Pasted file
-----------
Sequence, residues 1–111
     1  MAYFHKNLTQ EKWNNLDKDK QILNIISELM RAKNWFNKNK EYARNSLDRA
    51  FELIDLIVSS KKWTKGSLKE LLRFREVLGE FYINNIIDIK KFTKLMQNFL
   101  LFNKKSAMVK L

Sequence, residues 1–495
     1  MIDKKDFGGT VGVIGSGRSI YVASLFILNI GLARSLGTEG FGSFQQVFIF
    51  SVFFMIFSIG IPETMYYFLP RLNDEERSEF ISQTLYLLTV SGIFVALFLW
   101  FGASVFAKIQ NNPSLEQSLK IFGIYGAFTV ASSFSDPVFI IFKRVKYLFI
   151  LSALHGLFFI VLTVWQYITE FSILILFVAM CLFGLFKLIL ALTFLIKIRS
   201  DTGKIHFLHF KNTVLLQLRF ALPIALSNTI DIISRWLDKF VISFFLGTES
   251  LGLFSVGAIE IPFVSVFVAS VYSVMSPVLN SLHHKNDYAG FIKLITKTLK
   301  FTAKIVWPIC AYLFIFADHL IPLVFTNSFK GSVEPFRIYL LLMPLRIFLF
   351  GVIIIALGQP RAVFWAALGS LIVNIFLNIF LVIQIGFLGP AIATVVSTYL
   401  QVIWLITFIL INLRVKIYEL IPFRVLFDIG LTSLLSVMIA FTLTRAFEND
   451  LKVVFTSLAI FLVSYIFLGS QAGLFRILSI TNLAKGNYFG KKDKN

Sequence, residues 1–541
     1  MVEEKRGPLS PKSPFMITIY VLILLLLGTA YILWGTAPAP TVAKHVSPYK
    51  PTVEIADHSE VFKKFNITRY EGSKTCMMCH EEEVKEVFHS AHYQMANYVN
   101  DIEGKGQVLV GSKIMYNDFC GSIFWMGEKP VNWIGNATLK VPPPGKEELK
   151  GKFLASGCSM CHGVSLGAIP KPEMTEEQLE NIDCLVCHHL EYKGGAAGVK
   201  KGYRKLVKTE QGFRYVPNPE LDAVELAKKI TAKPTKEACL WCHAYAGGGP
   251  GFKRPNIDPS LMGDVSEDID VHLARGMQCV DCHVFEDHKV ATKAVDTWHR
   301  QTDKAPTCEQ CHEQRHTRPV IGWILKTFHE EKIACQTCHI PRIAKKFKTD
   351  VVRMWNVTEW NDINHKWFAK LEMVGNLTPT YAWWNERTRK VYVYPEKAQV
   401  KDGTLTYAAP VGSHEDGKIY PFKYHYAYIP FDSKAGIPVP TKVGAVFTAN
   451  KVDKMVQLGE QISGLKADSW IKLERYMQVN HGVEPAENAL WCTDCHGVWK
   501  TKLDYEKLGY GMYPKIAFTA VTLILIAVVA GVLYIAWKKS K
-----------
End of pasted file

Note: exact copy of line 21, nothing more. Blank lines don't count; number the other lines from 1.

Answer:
   201  KGYRKLVKTE QGFRYVPNPE LDAVELAKKI TAKPTKEACL WCHAYAGGGP